Svetlana Alexievich won the Nobel Prize for pioneering the kind of writing you find in this book. She works with oral history, using years and years of taped interviews, to create poetry out of real people’s stories and the absolute bloody catastrophe of Chernobyl. You have never read anything like this. You will find it difficult to sleep afterwards.
A journalist by trade, who now suffers from an immune deficiency developed while researching this book, presents personal accounts of what happened to the people of Belarus after the nuclear reactor accident in 1986, and the fear, anger, and uncertainty that they still live with. Svetlana Alexievich won the Nobel Prize in literature in 2015.
About the Author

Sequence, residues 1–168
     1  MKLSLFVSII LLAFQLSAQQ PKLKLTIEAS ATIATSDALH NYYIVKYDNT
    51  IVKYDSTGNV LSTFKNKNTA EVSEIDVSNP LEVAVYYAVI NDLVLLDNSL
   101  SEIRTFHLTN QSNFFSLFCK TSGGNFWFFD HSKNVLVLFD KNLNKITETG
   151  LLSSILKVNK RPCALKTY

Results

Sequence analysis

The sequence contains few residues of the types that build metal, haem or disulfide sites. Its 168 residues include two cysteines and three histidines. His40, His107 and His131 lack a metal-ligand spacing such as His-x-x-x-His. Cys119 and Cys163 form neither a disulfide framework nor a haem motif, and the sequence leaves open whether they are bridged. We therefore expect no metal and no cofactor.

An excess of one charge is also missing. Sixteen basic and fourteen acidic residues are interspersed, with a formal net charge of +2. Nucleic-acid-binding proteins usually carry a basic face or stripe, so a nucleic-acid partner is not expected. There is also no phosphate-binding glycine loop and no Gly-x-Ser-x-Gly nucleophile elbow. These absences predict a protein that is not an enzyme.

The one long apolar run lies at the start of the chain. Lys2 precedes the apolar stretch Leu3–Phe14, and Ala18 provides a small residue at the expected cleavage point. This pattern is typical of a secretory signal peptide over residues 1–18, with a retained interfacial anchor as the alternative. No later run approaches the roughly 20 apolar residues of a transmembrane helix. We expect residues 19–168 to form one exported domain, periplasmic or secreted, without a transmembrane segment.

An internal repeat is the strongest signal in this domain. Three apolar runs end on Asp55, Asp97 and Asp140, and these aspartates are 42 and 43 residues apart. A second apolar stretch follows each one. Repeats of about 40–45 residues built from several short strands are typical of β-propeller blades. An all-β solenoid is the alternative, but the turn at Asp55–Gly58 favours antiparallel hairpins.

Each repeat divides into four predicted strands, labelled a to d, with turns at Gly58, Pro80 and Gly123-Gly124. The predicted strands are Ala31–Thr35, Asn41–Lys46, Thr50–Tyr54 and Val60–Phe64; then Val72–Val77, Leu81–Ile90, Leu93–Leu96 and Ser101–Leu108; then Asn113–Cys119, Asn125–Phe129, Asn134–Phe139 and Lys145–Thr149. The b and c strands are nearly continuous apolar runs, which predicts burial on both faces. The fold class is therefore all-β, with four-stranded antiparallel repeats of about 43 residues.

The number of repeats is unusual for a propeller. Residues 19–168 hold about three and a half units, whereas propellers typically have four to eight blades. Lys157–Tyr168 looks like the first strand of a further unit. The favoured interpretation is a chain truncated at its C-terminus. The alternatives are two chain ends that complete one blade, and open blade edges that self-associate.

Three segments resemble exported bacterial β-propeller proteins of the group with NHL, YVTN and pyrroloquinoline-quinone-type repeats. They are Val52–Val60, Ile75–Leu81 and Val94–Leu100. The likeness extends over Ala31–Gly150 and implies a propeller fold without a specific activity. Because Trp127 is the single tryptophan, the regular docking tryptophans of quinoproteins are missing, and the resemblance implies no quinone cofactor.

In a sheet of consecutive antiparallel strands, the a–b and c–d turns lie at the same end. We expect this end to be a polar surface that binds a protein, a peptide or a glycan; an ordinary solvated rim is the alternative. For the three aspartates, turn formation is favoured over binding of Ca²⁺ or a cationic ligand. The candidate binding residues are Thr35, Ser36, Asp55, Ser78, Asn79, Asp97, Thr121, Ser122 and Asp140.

Svetlana Alexievich was born in the Ukraine and studied journalism at the University of Minsk. Her books, including Voices from Chernobyl, document the emotional history Soviet and post-Soviet life through interviews. Alexievich has received numerous awards for her writing, including a prize from the Swedish PEN Institute for courage and dignity as a writer. She was awarded the Nobel Prize for literature in 2015 for her polyphonic writings, a monument to suffering and courage in our time. Translator Keith Gessen was born in Russia and educated at Harvard. He is a founding editor of n+1 and has written about literature and culture for Dissent, The Nation, The New Yorker, and The New York Review of Books. He is the author of the novel A Terrible Country and a professor at the Columbia University Graduate School of Journalism.